Why some think new rules are a 'drag' on the market
Even Sotheby's survey of homes over $1 million reported the listings in the Great Toronto area rose 31 percent from 6,193 homes to 8,105.
"We know from long experience, the first thing that happens when a market cools is fewer people buy homes," Soper said. "The next thing that happens is there are those people who have been sitting on the fence and when they see the market slipping away toss their house onto the market hoping to catch the peak. Inventories are rising."
All the indicators were pointing toward a rapidly cooling market, Soper said. "The government introduced the change to be a clear drag on activity. I call it kicking a guy when he's down. It was unneeded and ill-timed."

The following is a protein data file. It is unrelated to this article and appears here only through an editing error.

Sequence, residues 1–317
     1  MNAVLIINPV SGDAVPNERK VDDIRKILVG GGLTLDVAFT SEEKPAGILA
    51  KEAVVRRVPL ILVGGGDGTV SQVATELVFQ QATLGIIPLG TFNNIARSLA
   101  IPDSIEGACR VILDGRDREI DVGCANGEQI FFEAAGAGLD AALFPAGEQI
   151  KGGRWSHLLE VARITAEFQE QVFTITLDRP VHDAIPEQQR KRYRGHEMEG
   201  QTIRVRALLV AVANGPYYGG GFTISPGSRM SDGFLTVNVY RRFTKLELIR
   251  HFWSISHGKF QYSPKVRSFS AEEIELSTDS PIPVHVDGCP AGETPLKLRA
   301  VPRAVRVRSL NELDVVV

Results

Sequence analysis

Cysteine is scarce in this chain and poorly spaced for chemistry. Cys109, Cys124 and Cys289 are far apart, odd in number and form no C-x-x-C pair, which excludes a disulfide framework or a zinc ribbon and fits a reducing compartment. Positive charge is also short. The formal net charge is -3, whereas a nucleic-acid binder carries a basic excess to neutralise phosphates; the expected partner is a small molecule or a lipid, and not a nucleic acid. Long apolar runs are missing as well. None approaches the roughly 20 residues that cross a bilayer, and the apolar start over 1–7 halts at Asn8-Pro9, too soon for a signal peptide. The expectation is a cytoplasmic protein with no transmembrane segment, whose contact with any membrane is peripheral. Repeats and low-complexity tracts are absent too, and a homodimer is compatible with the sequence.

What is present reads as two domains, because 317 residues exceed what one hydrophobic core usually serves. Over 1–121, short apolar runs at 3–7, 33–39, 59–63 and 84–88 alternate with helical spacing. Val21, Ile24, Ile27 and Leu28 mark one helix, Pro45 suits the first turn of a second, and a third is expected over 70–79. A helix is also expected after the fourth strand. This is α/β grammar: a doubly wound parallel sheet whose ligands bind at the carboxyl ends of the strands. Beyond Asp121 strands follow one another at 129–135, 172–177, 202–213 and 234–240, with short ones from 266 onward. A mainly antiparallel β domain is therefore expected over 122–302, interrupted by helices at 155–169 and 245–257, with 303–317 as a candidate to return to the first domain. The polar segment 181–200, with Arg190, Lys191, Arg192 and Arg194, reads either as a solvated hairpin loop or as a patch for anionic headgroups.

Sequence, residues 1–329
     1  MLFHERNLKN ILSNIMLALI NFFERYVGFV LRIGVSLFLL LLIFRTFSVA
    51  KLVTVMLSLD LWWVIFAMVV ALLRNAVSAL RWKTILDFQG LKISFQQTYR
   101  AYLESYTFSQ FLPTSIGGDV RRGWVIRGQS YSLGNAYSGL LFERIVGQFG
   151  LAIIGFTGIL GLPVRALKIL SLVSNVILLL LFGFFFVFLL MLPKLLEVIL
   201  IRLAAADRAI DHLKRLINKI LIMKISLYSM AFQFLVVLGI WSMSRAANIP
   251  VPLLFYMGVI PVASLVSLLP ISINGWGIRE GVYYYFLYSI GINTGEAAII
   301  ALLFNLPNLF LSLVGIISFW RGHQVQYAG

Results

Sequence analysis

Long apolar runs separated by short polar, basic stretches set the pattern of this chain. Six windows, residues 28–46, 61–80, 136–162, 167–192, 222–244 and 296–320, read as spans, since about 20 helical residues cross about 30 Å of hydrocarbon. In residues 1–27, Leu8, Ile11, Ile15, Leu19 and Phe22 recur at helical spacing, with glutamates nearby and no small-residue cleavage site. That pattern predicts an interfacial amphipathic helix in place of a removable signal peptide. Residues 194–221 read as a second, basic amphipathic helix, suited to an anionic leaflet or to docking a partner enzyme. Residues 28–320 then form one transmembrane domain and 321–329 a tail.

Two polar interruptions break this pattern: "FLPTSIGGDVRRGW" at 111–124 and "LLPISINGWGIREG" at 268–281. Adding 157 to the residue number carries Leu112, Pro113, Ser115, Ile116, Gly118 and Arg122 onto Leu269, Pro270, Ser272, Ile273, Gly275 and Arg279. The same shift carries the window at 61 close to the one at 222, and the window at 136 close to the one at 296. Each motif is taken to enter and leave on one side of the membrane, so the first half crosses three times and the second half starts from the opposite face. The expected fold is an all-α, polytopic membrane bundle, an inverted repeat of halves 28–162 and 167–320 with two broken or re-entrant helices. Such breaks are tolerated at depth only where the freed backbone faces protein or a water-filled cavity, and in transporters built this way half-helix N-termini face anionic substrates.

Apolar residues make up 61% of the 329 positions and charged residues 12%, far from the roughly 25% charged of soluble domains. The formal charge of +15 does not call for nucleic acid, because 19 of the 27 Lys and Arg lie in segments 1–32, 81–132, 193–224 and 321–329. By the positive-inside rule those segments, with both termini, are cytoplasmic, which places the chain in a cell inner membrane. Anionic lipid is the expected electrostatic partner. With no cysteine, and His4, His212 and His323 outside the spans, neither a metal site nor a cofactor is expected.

McCredie doesn't think so. "Mostly, there is a lot of media talk about the housing bubble in Toronto, and from my perspective it concerns me when you see as many cranes as you see right now," he said. "But, we are dealing with a massive influx of immigrants. 33,000 people immigrated to Canada from Egypt alone. 100,000 people are moving into the city of Toronto. There is a huge demand for housing."
Obviously, Soper doesn't see it that way.
So, I asked him why the finance ministry made the change.
"I think what happened was, it really wanted to get back to 25-year amortization, which is the long-term norm of this country," he said. "They were worried if the market cooled and went into a couple of years of flat or potentially declining unit sales, they would have missed their window. It was labeled an anti-debt move, but, in fact, it was driven by a more fundamental policy change. And it was ill-timed."
Steve Bergsman is a freelance writer in Arizona and author of several books. His latest book, "Growing Up Levittown: In a Time of Conformity, Controversy and Cultural Crisis," is now available for sale on Amazon.com.
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